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The Landscape

Within the scope of GLA2 programme, the programme area is defined as Albertine Graben. This area is an ecologically diverse region that extends to the Democratic Republic of Congo (DRC). However, focus will be on the Northern part of the Graben, including West Nile. The area scope was defined with challenges such as oil and gas exploitation and the associated infrastructure development, illegal trade in forest products and expansion of agro-commodities in mind. At national level, lessons from the same landscape as well as Kalangala landscape will be drawn for advocacy purposes.

Conservation problem

The Albertine region hosts 39% of Africa’s mammal species, 35% of Africa’s insect species, 51% of Africa’s bird species, 19% of Africa’s amphibian species, 14% of Africa’s plant and reptile species. It also harbors approximately 70% of Uganda’s major protected areas, as per the 2010 Uganda Environmental Sensitivity Atlas. However, there are increasing levels of governance flaws in the region such as; award of oil and gas exploitation permits in an area of ecological importance, illegal uptake of land for the cultivation of sugar cane, illegal trade in forest produce and mismanagement of forest reserves among others. Also oil and gas exploitation and the associated infrastructure development, increasing levels of illegal trade in forest products, and expansion of agro-commodities in the region despite its ecological, tourism and trans-boundary importance.

Programme goal, objectives and actions

The goal of the programme in Uganda is “Uganda’s forest landscapes are sustainably and inclusively governed to address climate change impacts, safeguard livelihoods and human rights”. The programme “Forests for Just Future” under the Green Livelihood Alliance 2 (GLA2) developed under the Policy Framework Strengthening Civil Society (Power of Voices) in the Ministry of Foreign Affairs of the Dutch Government (Netherlands). The following objectives will guide activities that will be carried out in order to achieve the main goal of the programme.

1. Indigenous forest dependent peoples and local communities sustainably govern increased areas of forest landscapes
a) Build/strengthen Indigenous Peoples and Local Communities (IPLC) structures in managing forest landscapes.

This will be done through initiating the formation of IPLC institutional structures, supporting them to develop memorandum and articles of association and supporting them to go through registration processes as community-based organizations. The empowerment will be enhanced through building capacity to manage forest compartments. Where need be, initiation of a process leading to signing a memorandum of understanding between government entities and the IPLC structures intending to manage a compartment of a forest against external drivers jointly with government entities such as National Forest Authority (NFA) will be done. Outside collaborative forest management (CFM), facilitating a process for communities to be able to register their forest as required by law will also be done.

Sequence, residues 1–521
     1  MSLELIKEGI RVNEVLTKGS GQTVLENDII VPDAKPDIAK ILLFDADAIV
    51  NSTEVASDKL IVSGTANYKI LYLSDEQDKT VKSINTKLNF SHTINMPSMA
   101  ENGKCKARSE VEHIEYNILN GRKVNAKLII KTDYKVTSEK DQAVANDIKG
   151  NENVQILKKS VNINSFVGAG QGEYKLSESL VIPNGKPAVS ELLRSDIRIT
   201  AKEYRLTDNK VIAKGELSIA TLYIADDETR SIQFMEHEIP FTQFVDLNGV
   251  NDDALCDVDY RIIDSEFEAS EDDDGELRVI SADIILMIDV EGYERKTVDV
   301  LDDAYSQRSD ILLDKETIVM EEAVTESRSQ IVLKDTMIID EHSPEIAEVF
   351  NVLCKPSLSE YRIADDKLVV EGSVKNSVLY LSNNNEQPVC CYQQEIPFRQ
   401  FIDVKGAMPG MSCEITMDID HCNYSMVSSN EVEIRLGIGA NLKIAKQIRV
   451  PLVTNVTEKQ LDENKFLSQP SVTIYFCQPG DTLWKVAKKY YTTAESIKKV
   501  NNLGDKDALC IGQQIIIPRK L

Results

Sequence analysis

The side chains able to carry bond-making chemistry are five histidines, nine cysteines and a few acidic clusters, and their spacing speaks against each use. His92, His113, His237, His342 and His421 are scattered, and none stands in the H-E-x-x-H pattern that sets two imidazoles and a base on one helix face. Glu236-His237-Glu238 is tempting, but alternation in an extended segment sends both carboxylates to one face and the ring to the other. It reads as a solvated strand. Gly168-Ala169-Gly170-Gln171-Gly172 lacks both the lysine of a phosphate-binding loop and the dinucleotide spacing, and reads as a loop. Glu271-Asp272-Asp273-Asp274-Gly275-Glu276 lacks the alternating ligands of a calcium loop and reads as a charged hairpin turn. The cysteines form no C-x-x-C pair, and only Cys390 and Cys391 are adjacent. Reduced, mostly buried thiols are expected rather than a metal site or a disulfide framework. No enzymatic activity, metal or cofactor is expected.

b) Undertake capacity building (demonstration) of IPLCs in Forest-based Enterprises (FBEs).

This entails joint planning with the IPLCs to identify FBEs of interest and develop a work plan, with costs. The investments in FBEs will be a good way of providing alternatives for unsustainable practices such as agro-commodities expansion, illegal logging, and charcoal trade. The costs of implementation may be managed within IPLC own sources or through building partnerships and investing in training and tools, sourcing the right experts to undertake training on the enterprises as well as enterprise development, value addition and management (including training on obtaining/managing own finances). Gender related concerns will be balanced. Building partnerships answers the sustainability question. Partnerships with District Local Governments (DLGs) will help align program activities with government priorities whilst leveraging funding from government.

2. Government of Uganda and the private sector in (extractives, agro-commodities and energy) no longer drive deforestation and degradation; protect forests and human rights and implements the Nationally Determined Contributions (NDCs) Work Plan to address climate change

a) Research and package information and evidence for engagement. All engagements along this pathway will be backed by research and packaging such research to inform how to engage the IPLCs, governments and private sector and to provide for evidence-based advocacy against oil and gas exploitation and agro-commodities expansion that threaten the quality and quantity of forested landscapes as well as inform the civic space engagements at all levels.

3.Citizens enjoy human and women rights and safely participates in social move,ents (Civic Space )

a) Build partnerships. Effective delivery of program activities through this pathway will require building partnerships and alliances. Partnerships with civil society networks such as the Civil Society Coalition on Oil and Gas (CSCO), the Environment and Natural Resources (ENR) Civil Society Organization, the Renewable Energy Civil Society Organization, the Uganda Forestry Working Group, the Uganda–Democratic Republic of Congo coalition on clean energy among others will be key in supporting lobby and advocacy initiatives including at (Inter) national levels.

Project results

At the end of this project, it is expected that Uganda’s forest landscape will be sustainably and inclusively governed to address climate change impacts, safeguard livelihoods and human rights.


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